Scale up B.C. drug-checking programs to save lives: centre on substance use

published on February 19, 2022 by Camille Bains in Winnipeg Free Press

VANCOUVER – Checking illicit drugs for deadly toxins is the best option to prevent fatal overdoses without a safer supply, but that service should be expanded to rural and remote communities in British Columbia, says the manager of a drug-checking program being evaluated by the BC Centre for Substance Use.

Jenny Matthews said drug users who live in non-urban areas often can’t get their drugs tested for contaminants, including high concentrations of fentanyl and, increasingly, benzodiazepines, for which the overdose-reversing medication naloxone is not as effective.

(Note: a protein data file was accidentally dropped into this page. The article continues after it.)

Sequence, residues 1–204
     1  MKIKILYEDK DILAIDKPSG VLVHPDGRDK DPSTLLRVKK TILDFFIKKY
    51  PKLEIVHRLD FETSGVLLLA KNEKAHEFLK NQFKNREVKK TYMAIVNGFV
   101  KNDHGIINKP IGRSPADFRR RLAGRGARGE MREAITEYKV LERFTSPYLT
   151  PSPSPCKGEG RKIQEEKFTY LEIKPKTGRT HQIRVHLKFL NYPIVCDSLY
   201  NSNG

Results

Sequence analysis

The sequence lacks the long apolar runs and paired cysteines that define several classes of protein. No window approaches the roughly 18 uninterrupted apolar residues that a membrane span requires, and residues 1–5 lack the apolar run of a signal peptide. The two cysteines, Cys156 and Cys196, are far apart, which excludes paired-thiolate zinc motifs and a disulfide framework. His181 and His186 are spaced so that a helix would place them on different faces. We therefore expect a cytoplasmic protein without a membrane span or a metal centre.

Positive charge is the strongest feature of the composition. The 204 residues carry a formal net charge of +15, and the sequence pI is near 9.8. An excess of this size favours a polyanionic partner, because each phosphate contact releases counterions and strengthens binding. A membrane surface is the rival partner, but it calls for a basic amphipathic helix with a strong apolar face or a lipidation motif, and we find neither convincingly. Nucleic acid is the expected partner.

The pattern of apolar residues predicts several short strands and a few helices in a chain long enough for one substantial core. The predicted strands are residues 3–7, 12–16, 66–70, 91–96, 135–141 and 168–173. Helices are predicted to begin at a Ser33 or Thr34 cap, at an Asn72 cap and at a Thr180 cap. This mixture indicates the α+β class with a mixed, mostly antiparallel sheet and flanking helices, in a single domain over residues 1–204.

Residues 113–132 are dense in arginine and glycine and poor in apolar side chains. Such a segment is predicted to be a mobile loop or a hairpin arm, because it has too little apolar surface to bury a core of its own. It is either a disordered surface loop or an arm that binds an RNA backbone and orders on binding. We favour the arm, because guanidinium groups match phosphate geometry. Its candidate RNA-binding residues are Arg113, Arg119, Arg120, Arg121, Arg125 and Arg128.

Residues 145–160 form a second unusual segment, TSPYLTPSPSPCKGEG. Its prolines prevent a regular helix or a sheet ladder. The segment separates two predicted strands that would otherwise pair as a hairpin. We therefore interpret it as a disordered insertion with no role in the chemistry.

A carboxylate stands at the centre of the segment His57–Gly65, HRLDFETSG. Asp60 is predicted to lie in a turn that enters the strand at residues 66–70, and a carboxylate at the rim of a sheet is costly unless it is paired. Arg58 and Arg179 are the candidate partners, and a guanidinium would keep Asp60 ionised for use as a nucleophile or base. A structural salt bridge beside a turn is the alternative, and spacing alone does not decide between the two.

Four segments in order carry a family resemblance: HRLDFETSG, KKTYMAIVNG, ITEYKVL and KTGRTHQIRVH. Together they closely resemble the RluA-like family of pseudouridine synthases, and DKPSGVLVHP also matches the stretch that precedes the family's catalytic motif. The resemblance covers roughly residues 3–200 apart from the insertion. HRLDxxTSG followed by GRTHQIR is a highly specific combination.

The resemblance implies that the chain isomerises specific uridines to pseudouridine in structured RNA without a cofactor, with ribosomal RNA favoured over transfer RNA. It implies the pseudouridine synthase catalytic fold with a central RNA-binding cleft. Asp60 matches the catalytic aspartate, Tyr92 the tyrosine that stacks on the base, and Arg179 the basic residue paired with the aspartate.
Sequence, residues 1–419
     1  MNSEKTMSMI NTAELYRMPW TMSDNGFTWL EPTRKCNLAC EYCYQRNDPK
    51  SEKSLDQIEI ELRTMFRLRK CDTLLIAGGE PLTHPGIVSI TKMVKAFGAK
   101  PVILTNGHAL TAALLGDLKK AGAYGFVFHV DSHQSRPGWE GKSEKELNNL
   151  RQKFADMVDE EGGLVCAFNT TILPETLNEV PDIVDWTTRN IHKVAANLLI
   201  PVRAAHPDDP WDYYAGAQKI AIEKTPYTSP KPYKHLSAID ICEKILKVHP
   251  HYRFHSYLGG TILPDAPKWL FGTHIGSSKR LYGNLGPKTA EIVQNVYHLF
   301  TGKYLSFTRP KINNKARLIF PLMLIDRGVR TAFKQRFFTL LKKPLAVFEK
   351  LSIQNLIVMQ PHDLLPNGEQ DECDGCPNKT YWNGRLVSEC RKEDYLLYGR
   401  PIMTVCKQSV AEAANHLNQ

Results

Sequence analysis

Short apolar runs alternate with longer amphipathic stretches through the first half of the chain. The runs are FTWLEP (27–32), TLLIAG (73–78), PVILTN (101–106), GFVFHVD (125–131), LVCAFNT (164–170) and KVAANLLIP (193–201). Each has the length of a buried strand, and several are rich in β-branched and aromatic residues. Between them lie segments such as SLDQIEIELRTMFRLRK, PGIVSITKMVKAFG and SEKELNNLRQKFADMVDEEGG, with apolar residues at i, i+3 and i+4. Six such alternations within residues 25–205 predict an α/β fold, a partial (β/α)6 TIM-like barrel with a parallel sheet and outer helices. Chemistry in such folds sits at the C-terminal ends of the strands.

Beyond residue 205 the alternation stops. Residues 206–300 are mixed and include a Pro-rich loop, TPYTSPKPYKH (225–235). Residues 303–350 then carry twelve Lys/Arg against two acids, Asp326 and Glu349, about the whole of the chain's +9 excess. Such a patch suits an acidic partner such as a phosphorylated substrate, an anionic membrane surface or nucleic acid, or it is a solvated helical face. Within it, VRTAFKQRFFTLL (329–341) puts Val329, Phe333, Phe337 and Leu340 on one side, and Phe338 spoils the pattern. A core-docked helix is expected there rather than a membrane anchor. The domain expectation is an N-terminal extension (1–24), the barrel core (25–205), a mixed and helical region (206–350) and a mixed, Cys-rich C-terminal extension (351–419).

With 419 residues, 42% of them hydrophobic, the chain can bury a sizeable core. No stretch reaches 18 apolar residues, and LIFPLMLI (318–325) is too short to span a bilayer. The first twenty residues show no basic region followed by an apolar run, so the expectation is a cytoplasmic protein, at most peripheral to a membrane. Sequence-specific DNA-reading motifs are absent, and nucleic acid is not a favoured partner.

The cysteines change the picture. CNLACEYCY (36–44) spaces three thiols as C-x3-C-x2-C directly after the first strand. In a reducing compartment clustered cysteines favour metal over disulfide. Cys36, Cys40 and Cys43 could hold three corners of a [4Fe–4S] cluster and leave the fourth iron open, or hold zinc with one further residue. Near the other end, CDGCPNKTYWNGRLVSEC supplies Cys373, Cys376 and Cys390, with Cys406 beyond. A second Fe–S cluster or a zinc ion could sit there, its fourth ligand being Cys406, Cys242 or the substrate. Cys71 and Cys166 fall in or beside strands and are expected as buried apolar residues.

“Ideally, we want there to be a safer supply so that people don’t have to fight for access to drug checking, but in the short term we want to try and increase access to testing,” Matthews said.
Health authorities and non-profit groups run drug-checking programs in B.C. using two technologies: take-home test strips that detect the presence of fentanyl or benzodiazepines; and a device called a spectrometer, which is operated by a technician at overdose prevention sites to look for a variety of substances. Results are available in five to 10 minutes…
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